by Marina Orhei
MONACO. The Prince Albert II of Monaco Foundation in Germany celebrated ten years by organizing the symposium “Climate change – A challenge for entrepreneurs and investors”, in the presence of H.S.H. Prince Albert II of Monaco, Wednesday 4 December at 4.30 pm, at the Hasso Plattner Institute of Potsdam.
Program: 4:30 pm: Key note by HSH Prince Albert II of Monaco
Keynote lecture Prof. Dr. Ottmar Edenhofer, Director of the Potsdam Institute for Climate Research.
Panel Participants: Prof. Dr. Michael Otto, Foundation 2° – German entrepreneurs for climate protection; Prof. Klaus Josef Lutz, CEO of BayWa AG; Carsten Quitter, Allianz Chief Investment Officer; Cordula Ströher-Goldenbow, Family Office for value-oriented investment strategy
Moderation: Susanne Bregy, Rhodanus Capital Ltd.
At 7 pm, at the Barberini Museum, there had been a reception followed by a dinner. A contribution of 350€ per person was requested for participation in projects of the Foundation, with the exception of officials and representatives of foundations.
Heat waves, floods, cyclones… for years the effects of climate change on our natural environment have become increasingly apparent. Scientists agree that human activity generating huge greenhouse gas emissions have sped up global warming. The increase in the planet’s temperature, estimated at between 2°C and 6°C during the 21st century will have unprecedented consequences, which are still largely unforeseeable.
The Climate and Energy Plan in the Principality
A clearly stated action to combat climate change and to ensure energy security for the country
At the initiative of H.S.H. the Sovereign Prince, the Government actions a decisive sustainable development policy aimed at achieving full compliance with the Principality’s undertakings, in particular with the Kyoto Protocol. This intention is expressed through local initiatives on Monegasque territory and through cooperation work in developing countries.
In line with the provisions of the Kyoto Protocol, Monaco has set itself the target of improving energy efficiency by 20% and achieving 20% of final energy consumption from renewable sources by 2020.
To this end, the deployment of the Climate and Energy Plan includes technical, regulatory, financial and awareness-raising campaigns.
The objective of the Climate and Energy Plan is to combat climate change and adapt the territory to these changes, with an approach based on sustainable development. The aim is to build a territory that is resilient, robust and adapted, to the benefit of the population and its businesses.
Carbon neutral by 2050
During His participation at the 15th United Nations Climate Change Conference in 2009 in Copenhagen, H.S.H. the Sovereign Prince unveiled new directions for the Principality.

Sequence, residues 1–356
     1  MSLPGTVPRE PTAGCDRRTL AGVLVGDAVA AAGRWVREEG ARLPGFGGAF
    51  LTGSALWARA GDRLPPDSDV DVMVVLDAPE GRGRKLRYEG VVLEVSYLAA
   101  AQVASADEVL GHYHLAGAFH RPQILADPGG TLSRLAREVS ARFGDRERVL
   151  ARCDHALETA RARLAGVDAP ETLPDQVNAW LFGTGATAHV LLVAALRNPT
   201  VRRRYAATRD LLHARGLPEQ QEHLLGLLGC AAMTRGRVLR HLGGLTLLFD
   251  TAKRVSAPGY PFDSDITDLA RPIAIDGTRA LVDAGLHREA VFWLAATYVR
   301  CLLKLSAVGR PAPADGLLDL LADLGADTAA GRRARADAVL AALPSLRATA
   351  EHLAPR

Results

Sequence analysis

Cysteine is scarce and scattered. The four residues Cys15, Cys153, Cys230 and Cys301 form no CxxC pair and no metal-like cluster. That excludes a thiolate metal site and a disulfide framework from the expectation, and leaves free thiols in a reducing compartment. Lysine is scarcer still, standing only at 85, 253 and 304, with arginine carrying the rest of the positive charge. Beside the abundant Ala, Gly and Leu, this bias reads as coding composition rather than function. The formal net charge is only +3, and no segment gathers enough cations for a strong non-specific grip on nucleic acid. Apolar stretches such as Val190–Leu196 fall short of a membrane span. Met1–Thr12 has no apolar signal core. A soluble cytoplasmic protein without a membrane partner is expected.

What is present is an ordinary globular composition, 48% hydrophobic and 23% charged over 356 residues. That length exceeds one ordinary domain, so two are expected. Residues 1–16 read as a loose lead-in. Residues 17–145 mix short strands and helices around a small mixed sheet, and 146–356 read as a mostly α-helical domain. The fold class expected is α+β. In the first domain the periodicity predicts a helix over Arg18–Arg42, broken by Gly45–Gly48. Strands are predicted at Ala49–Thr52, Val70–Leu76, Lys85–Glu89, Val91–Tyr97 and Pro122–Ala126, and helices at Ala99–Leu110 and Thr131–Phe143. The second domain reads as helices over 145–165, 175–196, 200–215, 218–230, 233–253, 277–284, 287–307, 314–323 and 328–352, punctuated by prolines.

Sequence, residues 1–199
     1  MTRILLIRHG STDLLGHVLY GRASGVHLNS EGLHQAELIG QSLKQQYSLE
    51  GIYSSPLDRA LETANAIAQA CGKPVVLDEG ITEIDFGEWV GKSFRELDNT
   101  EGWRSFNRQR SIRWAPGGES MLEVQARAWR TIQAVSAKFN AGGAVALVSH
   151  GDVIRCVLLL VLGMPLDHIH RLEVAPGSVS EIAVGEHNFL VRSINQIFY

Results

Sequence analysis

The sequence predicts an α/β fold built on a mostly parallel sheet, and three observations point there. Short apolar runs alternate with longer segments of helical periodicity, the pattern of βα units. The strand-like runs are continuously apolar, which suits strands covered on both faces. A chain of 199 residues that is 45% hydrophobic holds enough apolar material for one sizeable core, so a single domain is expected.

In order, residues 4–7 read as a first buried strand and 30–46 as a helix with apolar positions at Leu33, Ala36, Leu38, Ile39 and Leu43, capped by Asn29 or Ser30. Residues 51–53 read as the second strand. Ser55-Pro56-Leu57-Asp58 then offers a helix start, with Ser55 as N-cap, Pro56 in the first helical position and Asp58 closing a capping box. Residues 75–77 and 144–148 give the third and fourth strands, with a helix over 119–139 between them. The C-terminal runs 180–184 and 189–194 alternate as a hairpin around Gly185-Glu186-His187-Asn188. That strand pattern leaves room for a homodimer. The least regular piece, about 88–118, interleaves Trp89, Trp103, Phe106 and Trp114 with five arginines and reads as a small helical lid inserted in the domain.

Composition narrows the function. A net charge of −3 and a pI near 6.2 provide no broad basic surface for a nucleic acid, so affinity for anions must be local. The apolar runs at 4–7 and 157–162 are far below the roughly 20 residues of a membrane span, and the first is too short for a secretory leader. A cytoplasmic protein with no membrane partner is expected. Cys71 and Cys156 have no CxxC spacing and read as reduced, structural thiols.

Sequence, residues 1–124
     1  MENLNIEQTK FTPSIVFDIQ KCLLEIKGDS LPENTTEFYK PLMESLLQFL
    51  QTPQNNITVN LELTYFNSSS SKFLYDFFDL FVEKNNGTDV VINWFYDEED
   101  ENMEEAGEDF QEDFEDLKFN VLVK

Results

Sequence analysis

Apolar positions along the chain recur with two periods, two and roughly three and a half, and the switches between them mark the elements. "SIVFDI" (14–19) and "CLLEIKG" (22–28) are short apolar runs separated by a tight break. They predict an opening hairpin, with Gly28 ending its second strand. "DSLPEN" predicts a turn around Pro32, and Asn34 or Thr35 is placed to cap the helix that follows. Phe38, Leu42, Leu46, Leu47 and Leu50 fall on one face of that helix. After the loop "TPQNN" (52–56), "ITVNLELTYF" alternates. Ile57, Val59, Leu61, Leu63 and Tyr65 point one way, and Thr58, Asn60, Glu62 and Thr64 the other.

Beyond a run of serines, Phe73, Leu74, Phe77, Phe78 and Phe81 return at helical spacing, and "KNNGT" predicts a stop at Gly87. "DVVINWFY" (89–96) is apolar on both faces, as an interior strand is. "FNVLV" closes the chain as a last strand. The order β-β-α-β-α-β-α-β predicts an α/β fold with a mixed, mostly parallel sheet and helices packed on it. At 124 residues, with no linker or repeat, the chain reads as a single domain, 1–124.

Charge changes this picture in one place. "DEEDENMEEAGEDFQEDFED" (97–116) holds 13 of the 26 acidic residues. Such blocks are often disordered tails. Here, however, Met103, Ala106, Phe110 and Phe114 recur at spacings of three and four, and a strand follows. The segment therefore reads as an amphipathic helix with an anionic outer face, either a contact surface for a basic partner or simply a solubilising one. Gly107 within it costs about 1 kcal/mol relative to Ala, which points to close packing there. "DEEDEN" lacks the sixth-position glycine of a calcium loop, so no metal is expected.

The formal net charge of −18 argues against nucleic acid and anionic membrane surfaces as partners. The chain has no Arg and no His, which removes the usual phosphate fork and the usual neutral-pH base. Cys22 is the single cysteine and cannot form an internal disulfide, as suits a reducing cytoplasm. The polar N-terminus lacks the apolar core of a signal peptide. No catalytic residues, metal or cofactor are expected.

Monaco will take part in efforts to stabilise the global warming of the planet by reducing its greenhouse gas emissions by 30% in 2020 and 80% in 2050 (by which time the Principality will be carbon neutral) with respect to the reference date of 1990.
In 2015, as part of the 21st United Nations Climate Change Conference, the Principality announced an interim target of reducing greenhouse gases by 50% by 2030 compared to 1990.
Monaco is actively working on regulating the use of new ways of commuting such as electric scooters, e-bikes, gyropodes, etc., to safeguard the wellbeing of residents and visitors alike. As micromobility increases, cities need to optimize their infrastructure, including dedicated lanes and parking space, as well as imposing proper usage rules to avoid accidents. The objective is a harmonious cohabitation with public transportation, cars and specially pedestrians.
As for Germany, the German Climate Action Plan 2050 (German: Klimaschutzplan 2050) is a climate protection policy document approved by the German government on 14 November 2016. The plan outlines measures by which Germany can meet its various national greenhouse gas emissions reduction goals through to 2050 and service its international commitments under the 2016 Paris Climate Agreement. The Federal Ministry for the Environment, Nature Conservation, Building and Nuclear Safety (BMUB), under minister Barbara Hendricks, led the development of the plan. Germany’s 2030 climate targets stipulate a reduction of greenhouse gas levels by 55 percent compared to 1990 levels, which means carbon emissions have to fall from about 866 tonnes in 2018 to 563 million tonnes at the end of the next decade. The 2020 goal to reduce emissions by 40 percent has practically come out of reach, with the environment ministry expecting a reduction by roughly 32 percent in its latest emissions projection report. The document says that Germany’s climate targets mean “a change of our way of living and running the economy” and stresses that supporting the transition to clean energy generation and low-emission technology brings “great opportunities for Germany as a country of business, innovation and jobs.” The government argues that investments under the programme will ultimately spare Germany high costs resulting from climate mitigation and adaptation as well as from buying emissions allowances from abroad. “The 2020s will be the decade of resolute implementation of the energy and mobility transition.”